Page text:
Gasolina is a weird, interesting story. I read the first issue twice, thinking I missed something during the first read. And I actually ended up liking it more the second read through. I was hoping that Gasolina #2 would come across different than the first. Here again, I sit with mixed feelings as I begin writing this review. Will Gasolina win me over by the end of this article? Let’s find out!
So, what is Gasolina?
That is a damn good question. Gasolina has many layers to peel through to reach the heart of the story. And yet, the heart is so complex. Drugs, sex, cartels, aliens, violence, family — Gasolina has it all. The last issue we were introduced to Randy and Mal, a couple that we learn little about, except that Mal is a doctor and possibly an assassin? It is alluded, but never goes into detail. Mal’s nephew, Quique, is kidnapped and his father, her brother asks for the pair to get him back from the dangerous cartel that took him.
Long story short: They rescue the boy but not everything ends on a happy note. The boy cries out at night, waking up from his sleep. His father comes rushing in to see what is wrong and an alien bug launches from Quique’s chest Alien style and kills his father. Assuming Quique is dead also, but we soon find out that may not be the case.
Does Gasolina #2 answer any questions?
I don’t know if it answers many questions, but adds more. There is clearly an alien presence of some sort, but we don’t learn where they are from or what they are. The cartel is pissed and goes to hunt down the family, but walks into an unexpected surprise. Mal and Randy have acquired weapons, a new truck, and are headed south. The local authorities have proof of the alien bug attacks but they are clueless to what is going on as well. So by the end of the issue, more questions! Not many answers. And where is Quique?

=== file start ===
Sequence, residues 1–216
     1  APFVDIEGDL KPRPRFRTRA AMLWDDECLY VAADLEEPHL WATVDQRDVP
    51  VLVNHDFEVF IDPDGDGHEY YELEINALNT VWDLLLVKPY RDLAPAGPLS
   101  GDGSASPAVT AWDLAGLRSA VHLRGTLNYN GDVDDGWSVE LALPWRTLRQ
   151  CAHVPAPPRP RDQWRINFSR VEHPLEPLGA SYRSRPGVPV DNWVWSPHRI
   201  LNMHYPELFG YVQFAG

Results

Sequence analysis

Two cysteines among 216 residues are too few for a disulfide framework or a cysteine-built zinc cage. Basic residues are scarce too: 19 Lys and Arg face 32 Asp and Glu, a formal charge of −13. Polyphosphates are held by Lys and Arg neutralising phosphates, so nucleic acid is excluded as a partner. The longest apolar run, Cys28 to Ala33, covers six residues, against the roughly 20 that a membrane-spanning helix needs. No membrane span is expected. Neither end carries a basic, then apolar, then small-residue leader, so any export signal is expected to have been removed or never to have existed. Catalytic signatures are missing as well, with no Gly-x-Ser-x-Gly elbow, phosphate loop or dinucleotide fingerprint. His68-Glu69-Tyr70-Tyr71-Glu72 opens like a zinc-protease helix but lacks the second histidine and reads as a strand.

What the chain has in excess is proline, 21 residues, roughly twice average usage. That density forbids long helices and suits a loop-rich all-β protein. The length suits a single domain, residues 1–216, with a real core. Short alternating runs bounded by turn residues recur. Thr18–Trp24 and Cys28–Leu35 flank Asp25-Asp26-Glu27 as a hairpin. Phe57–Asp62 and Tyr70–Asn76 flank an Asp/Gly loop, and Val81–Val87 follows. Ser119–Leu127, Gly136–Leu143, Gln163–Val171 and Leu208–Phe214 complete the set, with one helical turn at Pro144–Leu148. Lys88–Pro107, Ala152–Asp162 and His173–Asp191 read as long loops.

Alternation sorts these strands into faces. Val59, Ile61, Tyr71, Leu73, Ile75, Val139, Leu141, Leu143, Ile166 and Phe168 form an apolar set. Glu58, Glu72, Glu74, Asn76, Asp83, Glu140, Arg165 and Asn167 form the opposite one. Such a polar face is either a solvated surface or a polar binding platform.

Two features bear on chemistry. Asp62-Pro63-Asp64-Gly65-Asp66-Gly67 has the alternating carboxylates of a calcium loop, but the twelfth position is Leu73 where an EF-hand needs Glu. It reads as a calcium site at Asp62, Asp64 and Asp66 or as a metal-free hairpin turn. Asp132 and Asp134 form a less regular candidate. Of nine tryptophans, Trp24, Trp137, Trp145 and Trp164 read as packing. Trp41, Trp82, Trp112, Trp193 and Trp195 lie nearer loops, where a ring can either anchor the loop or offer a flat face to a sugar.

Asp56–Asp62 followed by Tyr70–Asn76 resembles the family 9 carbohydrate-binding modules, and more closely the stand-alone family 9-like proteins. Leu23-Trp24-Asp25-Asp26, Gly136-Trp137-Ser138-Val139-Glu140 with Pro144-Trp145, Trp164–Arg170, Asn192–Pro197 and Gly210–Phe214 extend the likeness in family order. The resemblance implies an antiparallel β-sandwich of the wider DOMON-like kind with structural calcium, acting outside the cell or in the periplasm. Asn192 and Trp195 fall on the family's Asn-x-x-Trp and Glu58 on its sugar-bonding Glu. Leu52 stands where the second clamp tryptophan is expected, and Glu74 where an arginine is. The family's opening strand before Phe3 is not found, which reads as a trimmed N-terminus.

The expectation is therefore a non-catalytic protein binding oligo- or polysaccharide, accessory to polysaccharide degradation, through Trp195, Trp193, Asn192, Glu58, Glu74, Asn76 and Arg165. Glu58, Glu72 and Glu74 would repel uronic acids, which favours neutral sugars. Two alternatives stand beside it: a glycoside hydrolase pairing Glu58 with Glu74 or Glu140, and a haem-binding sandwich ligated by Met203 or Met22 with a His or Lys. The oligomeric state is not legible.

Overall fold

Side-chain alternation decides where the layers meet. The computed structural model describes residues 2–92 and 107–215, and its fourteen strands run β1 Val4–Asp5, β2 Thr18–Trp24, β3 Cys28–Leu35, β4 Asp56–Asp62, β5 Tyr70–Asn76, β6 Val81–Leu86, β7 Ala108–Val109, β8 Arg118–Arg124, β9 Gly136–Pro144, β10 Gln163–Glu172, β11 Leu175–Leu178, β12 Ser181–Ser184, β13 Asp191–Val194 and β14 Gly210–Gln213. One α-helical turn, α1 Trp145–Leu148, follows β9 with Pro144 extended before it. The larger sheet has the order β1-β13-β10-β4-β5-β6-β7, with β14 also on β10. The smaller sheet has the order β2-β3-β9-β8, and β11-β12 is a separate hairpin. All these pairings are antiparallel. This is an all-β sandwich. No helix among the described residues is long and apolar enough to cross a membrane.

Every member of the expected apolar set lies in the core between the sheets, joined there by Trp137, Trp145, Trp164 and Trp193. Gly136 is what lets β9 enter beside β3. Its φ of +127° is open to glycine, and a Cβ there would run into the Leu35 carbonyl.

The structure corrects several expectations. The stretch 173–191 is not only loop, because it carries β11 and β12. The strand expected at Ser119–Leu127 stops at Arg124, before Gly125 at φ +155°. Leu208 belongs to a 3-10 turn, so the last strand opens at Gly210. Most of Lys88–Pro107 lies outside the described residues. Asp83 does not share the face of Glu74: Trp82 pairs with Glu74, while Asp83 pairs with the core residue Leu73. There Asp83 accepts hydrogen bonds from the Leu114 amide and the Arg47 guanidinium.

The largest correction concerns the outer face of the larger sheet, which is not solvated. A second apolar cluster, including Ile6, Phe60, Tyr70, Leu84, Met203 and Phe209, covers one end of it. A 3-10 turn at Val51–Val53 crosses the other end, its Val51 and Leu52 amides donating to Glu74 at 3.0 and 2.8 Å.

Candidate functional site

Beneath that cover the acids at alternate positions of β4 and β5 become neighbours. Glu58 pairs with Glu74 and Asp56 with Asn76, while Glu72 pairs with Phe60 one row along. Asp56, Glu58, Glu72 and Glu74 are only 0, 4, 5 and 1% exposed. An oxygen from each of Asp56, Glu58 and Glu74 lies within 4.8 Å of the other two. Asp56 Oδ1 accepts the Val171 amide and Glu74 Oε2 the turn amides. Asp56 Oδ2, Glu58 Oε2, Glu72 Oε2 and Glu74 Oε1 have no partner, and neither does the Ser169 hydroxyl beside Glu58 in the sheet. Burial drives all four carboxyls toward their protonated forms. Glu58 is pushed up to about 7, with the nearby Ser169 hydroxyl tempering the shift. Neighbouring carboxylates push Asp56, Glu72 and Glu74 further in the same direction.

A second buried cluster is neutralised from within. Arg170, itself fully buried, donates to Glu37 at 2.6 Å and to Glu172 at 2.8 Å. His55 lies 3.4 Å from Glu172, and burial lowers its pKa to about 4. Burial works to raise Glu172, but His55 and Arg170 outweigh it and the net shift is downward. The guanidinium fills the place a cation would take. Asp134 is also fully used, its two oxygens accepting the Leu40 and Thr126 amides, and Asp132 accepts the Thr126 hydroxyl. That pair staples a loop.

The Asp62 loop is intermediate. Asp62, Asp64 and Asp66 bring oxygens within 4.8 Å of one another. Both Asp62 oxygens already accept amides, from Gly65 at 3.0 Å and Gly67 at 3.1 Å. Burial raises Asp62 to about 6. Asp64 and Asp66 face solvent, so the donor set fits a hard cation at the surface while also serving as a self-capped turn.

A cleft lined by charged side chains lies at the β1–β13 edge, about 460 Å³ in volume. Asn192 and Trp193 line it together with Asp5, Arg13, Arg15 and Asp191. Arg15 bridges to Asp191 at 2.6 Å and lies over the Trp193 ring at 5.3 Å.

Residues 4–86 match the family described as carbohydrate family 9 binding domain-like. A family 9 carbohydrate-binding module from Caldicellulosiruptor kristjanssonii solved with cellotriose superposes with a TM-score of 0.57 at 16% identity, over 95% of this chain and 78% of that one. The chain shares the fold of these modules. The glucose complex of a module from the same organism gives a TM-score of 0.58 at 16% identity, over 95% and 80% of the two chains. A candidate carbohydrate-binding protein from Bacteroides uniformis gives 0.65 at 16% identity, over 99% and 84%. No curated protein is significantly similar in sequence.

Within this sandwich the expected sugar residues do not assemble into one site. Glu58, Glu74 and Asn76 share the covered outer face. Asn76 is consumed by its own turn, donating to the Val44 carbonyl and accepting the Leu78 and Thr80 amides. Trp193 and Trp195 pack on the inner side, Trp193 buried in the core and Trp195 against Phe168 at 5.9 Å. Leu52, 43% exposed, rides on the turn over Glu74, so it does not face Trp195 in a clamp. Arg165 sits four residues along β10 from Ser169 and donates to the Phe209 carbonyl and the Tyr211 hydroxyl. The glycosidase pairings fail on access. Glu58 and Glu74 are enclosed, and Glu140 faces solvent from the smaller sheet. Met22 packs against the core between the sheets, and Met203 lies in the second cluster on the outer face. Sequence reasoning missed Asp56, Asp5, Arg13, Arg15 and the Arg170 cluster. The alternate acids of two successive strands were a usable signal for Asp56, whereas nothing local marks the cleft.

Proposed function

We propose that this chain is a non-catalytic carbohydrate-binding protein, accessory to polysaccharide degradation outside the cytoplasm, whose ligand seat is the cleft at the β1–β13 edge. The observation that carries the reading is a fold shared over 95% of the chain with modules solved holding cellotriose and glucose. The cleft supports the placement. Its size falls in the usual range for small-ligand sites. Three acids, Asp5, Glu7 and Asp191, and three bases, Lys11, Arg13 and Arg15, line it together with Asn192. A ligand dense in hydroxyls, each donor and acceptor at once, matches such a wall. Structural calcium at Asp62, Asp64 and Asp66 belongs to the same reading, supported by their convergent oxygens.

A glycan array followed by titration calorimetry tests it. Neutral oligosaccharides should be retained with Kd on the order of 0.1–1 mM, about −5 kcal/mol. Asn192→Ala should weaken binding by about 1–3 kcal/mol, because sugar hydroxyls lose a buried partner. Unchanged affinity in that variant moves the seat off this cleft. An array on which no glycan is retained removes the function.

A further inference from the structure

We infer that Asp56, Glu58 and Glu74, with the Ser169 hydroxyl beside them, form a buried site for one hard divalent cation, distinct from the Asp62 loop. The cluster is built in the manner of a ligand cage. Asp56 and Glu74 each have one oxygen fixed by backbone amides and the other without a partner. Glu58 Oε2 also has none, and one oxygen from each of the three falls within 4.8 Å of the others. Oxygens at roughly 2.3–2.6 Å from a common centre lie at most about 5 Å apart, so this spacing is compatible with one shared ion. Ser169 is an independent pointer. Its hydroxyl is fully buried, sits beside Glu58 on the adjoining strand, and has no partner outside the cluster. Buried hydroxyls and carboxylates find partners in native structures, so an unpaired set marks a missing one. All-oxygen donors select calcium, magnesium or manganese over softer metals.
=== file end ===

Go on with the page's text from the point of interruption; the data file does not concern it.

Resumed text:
But is it good?
Once again, I don’t know! I think I like it, but there is something missing. Maybe I want a little more detail into what is going on. Hopefully, Sean Mackiewicz is taking the story in an exciting direction. Despite not knowing much about Randy and Mal, they have been likable characters. They are tough, but know when it is time to make a move to save their own ass.
Niko Walter has done an outstanding job of breathing life into the city. The scenery plays just as big a part as the characters. The dramatic detail for each of the characters is sharp and beautiful. Mat Lopes’ colors are gripping and add a cinematic feel to the story. I have enjoyed the art more than I have enjoyed the story.
What’s the verdict?
I’m gonna read the third issue of Gasolina when it comes out next month and decide if I will continue or will I move on afterwards. I like certain aspects of the story, but there is a lot going on that I think takes away from the focal point of the story. Let’s see how Gasolina delivers next month!